Wednesday, June 11, 2008


I was reading this story and was touched. Especially a kind deed, by a Singaporean is something special.

The average Singaporeans are sometimes called RUSHian (Russians). Because just like the people in NEW YORK, they are always in the rush for something or the other.

No time for anything, only”ME” syndrome, I call it.

But in this rat race world sometimes you find a piece of gem.

Mrs susan xu who is in her 50’s spends $80 to $200 a day feeding general workers near her flat. And she been doing this for the past eight months.

AT a time of rising food prices, with households making every cent count, a strange event is happening at a Bedok North HDB estate….reports a local newspaper(newpaper).

Nearly every day at about 3pm a mini-feast takes place. The 'guests' are a veritable United Nations gathering of foreign workers who do upgrading work in the estate.

Snatches of Tamil, Mandarin, Thai, Bengali and English fill the air as the men tuck in.

Their 'host' is a chatty Singaporean housewife living in the estate, known to them only as 'Aunty'.

Speaking in Mandarin, some Malay and halting English, she asks genially after their families and work.

She provides the workers with free food and drinks during their half-hour afternoon break.

This has gone on almost every day for the past eight months - even as food prices have been creeping up - and word has reached families in far away China and India.

Playing down her good deed, she said in Mandarin: 'It's nothing much.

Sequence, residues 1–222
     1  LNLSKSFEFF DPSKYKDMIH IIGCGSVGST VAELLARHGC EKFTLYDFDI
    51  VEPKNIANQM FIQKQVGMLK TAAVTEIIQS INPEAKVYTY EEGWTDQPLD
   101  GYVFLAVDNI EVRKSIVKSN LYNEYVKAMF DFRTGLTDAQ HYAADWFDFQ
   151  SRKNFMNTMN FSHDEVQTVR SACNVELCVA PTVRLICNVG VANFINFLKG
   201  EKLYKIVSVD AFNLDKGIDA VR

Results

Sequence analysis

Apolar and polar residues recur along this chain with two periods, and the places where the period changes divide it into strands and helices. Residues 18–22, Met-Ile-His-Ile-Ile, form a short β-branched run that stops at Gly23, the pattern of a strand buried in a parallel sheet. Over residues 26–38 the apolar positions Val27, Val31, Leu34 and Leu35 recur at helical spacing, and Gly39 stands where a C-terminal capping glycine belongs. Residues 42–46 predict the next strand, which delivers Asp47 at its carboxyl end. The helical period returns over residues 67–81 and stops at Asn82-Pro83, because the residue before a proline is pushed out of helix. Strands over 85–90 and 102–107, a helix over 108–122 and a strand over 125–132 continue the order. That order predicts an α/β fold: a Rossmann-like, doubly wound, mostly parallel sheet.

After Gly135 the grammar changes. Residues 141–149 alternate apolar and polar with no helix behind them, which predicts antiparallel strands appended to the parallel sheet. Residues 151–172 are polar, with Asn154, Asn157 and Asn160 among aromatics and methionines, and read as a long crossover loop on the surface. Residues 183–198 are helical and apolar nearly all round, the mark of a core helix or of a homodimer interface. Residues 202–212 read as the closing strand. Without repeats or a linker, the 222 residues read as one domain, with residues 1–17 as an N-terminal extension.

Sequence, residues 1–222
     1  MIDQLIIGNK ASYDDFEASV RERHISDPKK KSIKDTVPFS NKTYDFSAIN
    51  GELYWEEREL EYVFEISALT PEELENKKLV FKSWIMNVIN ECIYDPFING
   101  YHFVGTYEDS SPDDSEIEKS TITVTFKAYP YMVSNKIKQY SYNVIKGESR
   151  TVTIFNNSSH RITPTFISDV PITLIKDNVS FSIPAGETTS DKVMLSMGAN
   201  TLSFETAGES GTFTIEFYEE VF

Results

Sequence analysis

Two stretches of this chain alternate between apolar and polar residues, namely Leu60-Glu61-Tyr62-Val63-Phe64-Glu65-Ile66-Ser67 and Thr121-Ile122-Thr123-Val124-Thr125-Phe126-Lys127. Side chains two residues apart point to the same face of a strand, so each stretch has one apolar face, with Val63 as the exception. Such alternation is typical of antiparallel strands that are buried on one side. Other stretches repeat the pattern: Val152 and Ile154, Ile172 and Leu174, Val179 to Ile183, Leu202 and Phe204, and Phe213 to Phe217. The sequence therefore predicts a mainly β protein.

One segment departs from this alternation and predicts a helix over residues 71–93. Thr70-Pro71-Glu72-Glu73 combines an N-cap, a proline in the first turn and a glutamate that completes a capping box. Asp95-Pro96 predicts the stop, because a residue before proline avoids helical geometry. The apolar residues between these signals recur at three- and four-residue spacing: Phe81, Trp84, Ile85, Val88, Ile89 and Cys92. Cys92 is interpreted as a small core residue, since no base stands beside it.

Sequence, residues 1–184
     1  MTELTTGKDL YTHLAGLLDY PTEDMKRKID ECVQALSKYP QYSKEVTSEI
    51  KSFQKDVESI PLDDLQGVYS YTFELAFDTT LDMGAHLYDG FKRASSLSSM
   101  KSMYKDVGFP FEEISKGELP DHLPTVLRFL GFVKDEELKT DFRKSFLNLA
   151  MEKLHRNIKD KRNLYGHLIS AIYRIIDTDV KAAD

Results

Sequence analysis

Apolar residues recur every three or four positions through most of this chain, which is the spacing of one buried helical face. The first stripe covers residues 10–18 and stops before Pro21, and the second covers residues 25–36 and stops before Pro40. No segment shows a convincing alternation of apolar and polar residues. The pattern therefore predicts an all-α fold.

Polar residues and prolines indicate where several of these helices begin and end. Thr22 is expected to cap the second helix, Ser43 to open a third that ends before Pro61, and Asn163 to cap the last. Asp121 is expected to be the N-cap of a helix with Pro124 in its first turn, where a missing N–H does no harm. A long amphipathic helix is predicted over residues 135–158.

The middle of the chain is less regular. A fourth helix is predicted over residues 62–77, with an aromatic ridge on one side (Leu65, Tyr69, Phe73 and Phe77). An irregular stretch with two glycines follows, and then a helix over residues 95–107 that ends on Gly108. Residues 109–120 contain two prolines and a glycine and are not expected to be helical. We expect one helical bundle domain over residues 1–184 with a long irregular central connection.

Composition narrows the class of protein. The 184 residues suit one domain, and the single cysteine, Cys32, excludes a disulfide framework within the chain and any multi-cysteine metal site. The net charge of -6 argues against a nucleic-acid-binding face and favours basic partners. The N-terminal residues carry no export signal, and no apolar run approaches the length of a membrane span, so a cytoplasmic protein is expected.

'I see them working so hard, so I just buy a little something for them.'

Mrs Xu, who is not sure how much she has spent in total, said: 'In life, we can't always be so calculative.

'I always tell the workers I'll buy until my money runs out; when I'm out of money, there'll be no more free food and drinks.'

Bangladeshi Mahabulalan Abdul Rahim, 36, said: 'When we do corridor upgrading, some residents will give us drinks or food too, but this 'Aunty' gives every day.

'We've asked her, 'What if next time you have no money left? Who will take care of you?' No one can say anything. It's her money.'

Mr Lin Xiao Nie, 36, a metal worker from China, said: 'Mrs Xu is an exception in Singapore. She doesn't look down on workers like us. We'll remember 'Aunty' in our hearts even after we leave. 'he said it makes her heart happy.

Aunty its people like you who makes life worth leaving! You generosity will be remembered. God bless you maam!

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